Elastic internal multiple analysis and attenuation using Marchenko and interferometric methods

Carlos Alberto Da Costa Filho, Giovanni Angelo Meles, Andrew Curtis

Research output: Contribution to journalArticlepeer-review

Abstract / Description of output

Conventional seismic processing aims to create data that contain only primary reflections, whereas real seismic recordings also contain multiples. As such, it is desirable to predict, identify, and attenuate multiples in seismic data. This task is more difficult in elastic (solid) media because mode conversions create families of internal multiples not present in the acoustic case. We have developed a method to predict prestack internal multiples in general elastic media based on the Marchenko method and convolutional interferometry. It can be used to identify multiples directly in prestack data or migrated sections, as well as to attenuate internal multiples by adaptively subtracting them from the original data set. We developed the method on two synthetic data sets, the first composed of horizontal density layers and constant velocities, and the second containing horizontal and vertical density and velocity variations. The full-elastic method is computationally expensive and ideally uses data components that are not usually recorded. We therefore tested an acoustic approximation to the method on the synthetic elastic data from the second model and find that although the spatial resolution of the resulting image is reduced by this approximation, it provides images with relatively fewer artifacts. We conclude that in most cases where cost is a factor and we are willing to sacrifice some resolution, it may be sufficient to apply the acoustic version of this demultiple method.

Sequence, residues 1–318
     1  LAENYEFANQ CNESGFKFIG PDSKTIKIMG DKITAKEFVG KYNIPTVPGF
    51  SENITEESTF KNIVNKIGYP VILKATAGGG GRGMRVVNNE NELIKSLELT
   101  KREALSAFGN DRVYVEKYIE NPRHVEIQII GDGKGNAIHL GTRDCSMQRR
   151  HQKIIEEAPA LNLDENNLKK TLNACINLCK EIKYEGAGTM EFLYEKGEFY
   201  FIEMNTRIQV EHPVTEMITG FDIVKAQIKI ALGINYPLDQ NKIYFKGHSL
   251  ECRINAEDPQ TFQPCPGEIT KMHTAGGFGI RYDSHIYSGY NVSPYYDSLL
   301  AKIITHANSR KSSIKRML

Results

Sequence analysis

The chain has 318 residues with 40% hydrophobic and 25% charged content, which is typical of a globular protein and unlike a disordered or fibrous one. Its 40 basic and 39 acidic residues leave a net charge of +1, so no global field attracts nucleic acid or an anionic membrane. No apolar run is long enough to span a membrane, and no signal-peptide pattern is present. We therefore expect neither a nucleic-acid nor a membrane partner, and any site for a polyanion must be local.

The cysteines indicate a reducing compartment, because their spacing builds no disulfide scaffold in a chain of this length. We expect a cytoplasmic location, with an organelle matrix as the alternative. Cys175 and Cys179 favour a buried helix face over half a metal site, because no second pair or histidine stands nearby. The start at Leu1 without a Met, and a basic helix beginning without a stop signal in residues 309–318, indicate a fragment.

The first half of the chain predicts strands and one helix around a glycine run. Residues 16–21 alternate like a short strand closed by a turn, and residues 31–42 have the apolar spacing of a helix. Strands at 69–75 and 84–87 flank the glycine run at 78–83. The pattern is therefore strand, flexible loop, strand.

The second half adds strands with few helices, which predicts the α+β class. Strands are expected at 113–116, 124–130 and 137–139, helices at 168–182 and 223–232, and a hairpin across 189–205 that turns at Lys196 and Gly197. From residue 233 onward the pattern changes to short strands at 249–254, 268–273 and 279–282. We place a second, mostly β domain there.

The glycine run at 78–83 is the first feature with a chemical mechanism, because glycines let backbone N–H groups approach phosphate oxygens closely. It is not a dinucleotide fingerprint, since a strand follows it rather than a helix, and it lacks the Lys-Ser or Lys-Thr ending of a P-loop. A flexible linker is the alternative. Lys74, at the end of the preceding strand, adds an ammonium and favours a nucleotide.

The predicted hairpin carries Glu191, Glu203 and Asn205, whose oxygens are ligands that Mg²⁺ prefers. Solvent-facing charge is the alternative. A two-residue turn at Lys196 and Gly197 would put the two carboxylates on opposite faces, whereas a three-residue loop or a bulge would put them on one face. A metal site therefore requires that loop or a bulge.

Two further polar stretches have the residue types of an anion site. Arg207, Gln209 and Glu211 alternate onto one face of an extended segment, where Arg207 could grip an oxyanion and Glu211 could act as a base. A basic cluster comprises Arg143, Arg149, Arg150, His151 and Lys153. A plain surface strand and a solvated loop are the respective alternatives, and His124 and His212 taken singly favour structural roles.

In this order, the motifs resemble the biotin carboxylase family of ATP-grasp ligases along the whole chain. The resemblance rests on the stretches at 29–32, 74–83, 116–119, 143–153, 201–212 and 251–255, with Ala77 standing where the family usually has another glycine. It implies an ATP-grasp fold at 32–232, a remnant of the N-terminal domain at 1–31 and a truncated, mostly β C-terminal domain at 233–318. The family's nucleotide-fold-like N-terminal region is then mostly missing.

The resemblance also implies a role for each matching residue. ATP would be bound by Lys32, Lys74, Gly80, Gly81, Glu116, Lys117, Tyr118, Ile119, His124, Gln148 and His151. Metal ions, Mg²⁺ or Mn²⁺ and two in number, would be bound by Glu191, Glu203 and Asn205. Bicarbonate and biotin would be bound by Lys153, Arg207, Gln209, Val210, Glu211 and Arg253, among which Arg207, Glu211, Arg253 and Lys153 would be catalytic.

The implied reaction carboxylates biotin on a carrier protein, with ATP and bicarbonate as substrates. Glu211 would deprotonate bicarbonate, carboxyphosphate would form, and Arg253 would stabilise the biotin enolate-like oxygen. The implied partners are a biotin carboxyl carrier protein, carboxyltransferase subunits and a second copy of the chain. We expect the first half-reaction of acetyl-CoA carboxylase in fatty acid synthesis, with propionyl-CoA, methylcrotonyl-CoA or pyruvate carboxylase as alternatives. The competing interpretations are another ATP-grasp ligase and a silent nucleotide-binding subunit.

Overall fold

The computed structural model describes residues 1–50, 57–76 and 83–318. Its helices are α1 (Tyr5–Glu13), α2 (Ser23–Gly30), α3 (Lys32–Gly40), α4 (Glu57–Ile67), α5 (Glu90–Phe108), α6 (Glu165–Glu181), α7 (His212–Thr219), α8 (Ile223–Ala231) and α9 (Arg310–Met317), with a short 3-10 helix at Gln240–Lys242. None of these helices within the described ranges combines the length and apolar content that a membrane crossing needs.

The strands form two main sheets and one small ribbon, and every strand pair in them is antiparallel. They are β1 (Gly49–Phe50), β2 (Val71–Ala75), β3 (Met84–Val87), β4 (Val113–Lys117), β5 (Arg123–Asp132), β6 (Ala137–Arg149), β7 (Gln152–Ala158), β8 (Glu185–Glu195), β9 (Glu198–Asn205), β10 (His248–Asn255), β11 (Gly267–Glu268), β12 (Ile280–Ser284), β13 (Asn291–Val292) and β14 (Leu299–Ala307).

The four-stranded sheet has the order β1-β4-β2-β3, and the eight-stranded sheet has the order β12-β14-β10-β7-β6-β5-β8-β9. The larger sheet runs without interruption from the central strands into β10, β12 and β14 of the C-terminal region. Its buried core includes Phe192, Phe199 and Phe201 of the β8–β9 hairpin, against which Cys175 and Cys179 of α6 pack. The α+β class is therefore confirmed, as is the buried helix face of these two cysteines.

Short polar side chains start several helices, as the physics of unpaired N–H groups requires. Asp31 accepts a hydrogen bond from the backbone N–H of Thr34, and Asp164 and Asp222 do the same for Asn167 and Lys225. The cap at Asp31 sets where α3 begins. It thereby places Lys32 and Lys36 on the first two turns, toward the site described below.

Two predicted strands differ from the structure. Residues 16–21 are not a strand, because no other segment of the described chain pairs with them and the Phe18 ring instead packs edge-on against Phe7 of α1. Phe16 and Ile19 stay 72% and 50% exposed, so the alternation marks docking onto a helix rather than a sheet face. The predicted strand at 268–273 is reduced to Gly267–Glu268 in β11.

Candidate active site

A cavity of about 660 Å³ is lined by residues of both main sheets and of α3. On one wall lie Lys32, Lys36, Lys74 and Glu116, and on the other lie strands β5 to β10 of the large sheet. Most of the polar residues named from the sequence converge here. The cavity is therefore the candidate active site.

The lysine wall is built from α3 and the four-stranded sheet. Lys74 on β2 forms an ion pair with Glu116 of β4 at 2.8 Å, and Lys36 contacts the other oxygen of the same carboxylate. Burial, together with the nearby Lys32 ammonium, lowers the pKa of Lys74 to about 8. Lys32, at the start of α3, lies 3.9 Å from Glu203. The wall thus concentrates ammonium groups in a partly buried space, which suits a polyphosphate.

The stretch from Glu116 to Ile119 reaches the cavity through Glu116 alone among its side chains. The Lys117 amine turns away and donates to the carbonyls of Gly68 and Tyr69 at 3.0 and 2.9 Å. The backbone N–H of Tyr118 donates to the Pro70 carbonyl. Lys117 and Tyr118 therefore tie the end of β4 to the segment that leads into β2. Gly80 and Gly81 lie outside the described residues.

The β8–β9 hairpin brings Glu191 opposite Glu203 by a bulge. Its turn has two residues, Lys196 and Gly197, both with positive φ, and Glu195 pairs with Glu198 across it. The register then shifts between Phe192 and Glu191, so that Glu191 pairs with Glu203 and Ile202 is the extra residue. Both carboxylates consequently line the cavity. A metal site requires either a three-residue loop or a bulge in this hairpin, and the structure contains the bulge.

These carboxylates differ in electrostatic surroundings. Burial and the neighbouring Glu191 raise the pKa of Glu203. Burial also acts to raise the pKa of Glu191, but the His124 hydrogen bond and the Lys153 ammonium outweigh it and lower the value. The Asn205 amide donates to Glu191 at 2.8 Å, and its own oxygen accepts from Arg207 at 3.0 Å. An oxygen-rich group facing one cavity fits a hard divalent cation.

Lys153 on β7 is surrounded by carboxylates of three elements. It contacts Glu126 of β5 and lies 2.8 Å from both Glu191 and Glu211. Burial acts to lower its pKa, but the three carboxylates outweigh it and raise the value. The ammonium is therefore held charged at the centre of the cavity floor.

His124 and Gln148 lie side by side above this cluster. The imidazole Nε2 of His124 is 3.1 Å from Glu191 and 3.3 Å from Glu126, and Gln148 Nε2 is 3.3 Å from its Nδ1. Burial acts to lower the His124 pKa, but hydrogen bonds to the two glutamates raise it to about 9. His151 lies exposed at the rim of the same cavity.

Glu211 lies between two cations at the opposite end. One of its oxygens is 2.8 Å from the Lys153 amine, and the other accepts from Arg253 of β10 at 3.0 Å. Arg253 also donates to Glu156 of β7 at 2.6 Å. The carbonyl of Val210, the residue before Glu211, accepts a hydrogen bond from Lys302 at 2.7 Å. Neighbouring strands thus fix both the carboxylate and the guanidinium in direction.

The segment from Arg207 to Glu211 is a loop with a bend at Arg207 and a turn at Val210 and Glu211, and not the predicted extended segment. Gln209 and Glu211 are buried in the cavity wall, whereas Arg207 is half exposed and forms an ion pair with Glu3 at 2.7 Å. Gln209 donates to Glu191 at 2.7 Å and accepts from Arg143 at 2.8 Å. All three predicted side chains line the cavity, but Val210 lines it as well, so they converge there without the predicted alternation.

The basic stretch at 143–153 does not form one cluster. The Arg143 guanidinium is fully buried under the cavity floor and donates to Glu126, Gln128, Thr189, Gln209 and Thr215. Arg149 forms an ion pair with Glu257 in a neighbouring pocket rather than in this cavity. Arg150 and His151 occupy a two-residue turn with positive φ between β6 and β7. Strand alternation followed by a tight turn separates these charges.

Original languageEnglish
Pages (from-to)Q1-Q12
JournalGeophysics
Volume82
Issue number2
Early online date11 Jan 2017
DOIs
Publication statusPublished - 1 Mar 2017

Fingerprint

Dive into the research topics of 'Elastic internal multiple analysis and attenuation using Marchenko and interferometric methods'. Together they form a unique fingerprint.

Cite this